Meanwhile, Sharjah's Bee'ah has been replacing the single stream bins with green and blue bins since 2012. Their door-to-door residential recycling programme has educated housekeepers and residents on recycling instructions in over seven languages and distributed bio-degradable blue and green bags which make it easier for them to sort and dispose of their waste.
Awareness is there, but more care needed
Fahad Shehail, group chief of staff at Bee'ah, said people's rising efforts are apparent when the collected waste is examined in the transfer stations. "We have noticed that residents are indeed taking an effort to put their waste in a bin corresponding to that particular type of waste. However, given the high waste generation rates in the country, greater efforts must be made by the public to meet the UAE's sustainability goals."
By segregating the waste at the source, Shehail said, there is less likelihood of contamination from other materials, organic waste and liquids. "For mixed waste streams, time and energy has to be spent on separation and even then, the resources might not be in a state to be recycled. By separating waste, we can achieve 100 per cent recovery for recyclable materials, but this percentage drops to 15 in the case of mixed waste."
Abdullah Al Hussam, environmentalist who owns a recycling factory in Al Ain, stressed that placing waste in bins is the most important step that determines whether waste will end up in landfills or be recycled cheaply and easily.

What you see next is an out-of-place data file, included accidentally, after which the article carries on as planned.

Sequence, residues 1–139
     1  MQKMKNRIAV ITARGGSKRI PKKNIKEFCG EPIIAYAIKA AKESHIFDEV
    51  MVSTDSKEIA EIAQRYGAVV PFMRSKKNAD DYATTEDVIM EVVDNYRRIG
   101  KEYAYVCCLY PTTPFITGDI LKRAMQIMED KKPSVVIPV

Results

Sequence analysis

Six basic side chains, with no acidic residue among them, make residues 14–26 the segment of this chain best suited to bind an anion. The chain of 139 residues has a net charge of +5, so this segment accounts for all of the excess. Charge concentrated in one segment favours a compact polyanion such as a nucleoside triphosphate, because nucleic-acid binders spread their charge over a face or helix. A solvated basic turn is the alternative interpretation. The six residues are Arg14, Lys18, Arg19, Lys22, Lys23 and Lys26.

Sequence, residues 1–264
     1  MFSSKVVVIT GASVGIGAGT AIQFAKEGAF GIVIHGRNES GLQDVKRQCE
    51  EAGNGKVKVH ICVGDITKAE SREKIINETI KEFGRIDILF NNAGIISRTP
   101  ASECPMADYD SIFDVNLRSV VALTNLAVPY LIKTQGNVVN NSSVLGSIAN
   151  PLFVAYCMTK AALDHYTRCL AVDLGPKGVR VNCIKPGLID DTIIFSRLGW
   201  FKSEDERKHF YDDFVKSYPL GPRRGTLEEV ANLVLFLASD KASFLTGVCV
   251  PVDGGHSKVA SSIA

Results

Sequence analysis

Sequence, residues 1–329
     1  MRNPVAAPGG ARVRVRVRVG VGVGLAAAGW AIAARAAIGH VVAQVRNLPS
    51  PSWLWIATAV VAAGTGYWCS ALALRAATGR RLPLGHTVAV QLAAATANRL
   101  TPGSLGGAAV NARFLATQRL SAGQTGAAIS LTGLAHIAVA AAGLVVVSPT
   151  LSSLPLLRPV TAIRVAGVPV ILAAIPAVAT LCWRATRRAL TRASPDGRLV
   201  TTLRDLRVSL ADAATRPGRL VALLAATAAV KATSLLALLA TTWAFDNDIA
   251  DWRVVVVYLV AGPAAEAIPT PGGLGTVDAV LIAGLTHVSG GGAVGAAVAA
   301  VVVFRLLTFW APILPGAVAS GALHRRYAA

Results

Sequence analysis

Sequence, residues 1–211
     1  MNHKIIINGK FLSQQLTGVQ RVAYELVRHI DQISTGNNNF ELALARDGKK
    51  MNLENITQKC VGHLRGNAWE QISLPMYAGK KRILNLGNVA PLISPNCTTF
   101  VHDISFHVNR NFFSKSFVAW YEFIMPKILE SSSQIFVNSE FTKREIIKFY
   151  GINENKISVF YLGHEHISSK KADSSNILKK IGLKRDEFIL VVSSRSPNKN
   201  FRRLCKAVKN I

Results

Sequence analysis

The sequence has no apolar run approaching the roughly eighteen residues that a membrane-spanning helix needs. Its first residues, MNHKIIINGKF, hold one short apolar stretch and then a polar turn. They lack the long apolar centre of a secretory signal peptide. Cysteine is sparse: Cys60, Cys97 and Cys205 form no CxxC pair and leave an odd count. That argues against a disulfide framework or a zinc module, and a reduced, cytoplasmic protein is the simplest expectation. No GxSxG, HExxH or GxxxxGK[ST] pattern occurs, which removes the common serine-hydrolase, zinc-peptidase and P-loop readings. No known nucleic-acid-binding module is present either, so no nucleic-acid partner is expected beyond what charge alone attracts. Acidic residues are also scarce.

"We face the issue of mixed waste all the time, with mostly organic waste placed with recyclables. People's commitment to segregating waste will make recycling much more effective, easy and cheap, while saving the planet resources. We will not need to clean and wash recyclable from organic waste anymore," said Al Hussam.
He urged issuing an environmental licence or test for domestic workers before they work in the country. "A main factor that contributes to the lack of waste segregation in homes is that most domestic workers are unaware of recycling, so there's no motivation to segregate waste in the right bin," said Al Hussam.
While the government has laid out the basis by placing the right bins, technologies and waste management centres, more awareness is needed. "The process starts from homes. The young generation is now aware, thanks to the multiple school awareness campaigns.
Meanwhile, Habiba Al Marashi, chairperson of Emirates Environmental Group (EEG), urged introducing a penalty and reward system that would push residents to segregate waste. "Incentivising recycling and encouraging awareness goes hand in hand with penalising accountability to help people understand the seriousness of the situation," said Al Marashi.
She added that the EEG awareness programmes are dedicated towards to youth to shape a better generation. "You mould them at a young age and educate them that difference starts at home. We hope this joint effort spreads into the wider society," said Al Marashi.
Tips to recycle
> Know what you can and can't recycle
> Segregate waste into the black and green bins provided
> Keep two bins at your house, one for general waste and another for recyclables